Tyne & Wear

Northumberland Roman fort's child murder mystery

Vindolanda bones
Image caption The bones were at first thought to be those of a dog

Archaeologists believe they have uncovered an 1,800-year-old murder mystery in Northumberland.

During a dig at Vindolanda Roman fort, the skeleton of a child, aged between eight and 10, was found in a shallow pit in the corner of a barrack-room.

Foul play is suspected, because human burials in built-up areas were strictly forbidden in Roman times.

It is thought the remains were those of a girl, and the position indicates that her hands could have been tied.

When the bones were first discovered, it was at first thought they were those of a large dog.

However, examinations by experts at Durham University revealed that they were the remains of a child.

The pit in the barracks has been dated to the middle of the 3rd Century, when the Fourth Cohort of Gauls formed the garrison.

At that time the dead had to be interred or cremated in cemeteries on the outskirts of towns or barracks, so the concealment of a body in this fashion would have been a criminal act.

Andrew Birley, Vindolanda's director of excavation, said that it was not the first time an excavation of a Roman fort alongside Hadrian's Wall had uncovered a murder victim.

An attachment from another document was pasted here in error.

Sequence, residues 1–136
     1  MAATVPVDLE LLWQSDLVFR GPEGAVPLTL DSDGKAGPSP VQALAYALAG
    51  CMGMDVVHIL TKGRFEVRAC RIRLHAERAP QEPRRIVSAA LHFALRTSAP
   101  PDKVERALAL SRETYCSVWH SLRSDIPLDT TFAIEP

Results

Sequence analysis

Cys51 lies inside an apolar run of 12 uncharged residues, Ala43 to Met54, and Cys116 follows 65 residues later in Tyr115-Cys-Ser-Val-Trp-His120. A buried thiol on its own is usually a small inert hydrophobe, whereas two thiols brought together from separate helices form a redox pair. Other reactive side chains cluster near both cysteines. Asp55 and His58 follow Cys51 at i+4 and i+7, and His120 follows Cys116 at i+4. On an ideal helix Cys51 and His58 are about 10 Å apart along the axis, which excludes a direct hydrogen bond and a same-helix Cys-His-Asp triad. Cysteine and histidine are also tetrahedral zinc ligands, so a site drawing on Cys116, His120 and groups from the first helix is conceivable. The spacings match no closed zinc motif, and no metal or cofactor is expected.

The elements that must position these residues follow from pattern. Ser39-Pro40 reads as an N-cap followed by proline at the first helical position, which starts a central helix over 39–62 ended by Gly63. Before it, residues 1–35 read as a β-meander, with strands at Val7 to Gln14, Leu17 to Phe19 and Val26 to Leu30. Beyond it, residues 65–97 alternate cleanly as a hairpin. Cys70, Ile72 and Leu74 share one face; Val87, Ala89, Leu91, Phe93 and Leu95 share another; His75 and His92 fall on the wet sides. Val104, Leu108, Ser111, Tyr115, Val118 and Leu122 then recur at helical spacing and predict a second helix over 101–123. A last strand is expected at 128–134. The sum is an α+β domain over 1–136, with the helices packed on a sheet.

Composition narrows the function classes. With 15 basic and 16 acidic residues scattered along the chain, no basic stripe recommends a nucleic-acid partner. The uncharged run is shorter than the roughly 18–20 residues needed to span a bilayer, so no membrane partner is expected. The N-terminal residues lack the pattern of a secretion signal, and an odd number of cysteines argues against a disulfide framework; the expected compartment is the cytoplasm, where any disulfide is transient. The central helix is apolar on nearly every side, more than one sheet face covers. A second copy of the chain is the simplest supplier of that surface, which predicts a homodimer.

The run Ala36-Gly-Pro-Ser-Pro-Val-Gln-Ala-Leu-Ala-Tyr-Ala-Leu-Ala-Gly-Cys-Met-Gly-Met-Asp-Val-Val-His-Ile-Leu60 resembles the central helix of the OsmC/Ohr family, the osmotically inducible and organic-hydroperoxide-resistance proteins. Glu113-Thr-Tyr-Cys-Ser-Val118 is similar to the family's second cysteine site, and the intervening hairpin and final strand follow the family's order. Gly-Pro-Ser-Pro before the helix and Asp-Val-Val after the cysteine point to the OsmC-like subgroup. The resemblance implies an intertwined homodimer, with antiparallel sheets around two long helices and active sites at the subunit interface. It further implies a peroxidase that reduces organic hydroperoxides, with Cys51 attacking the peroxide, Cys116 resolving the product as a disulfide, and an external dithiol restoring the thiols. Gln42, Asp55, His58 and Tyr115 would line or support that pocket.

"In the 1930s my grandfather, Eric Birley, found two skeletons concealed below a floor in a civilian building at Housesteads.

"One had the blade of a knife stuck in the ribs, and the later coroner's inquest duly produced a verdict of murder by person or persons unknown, shortly before AD367.

"I'm sorry to say that Vindolanda has probably produced another Roman murder victim.

"I shudder to think how this young person met their fate."

Once the forensic examination at Durham University has been completed, the skeleton will be put on view at Vindolanda Museum.

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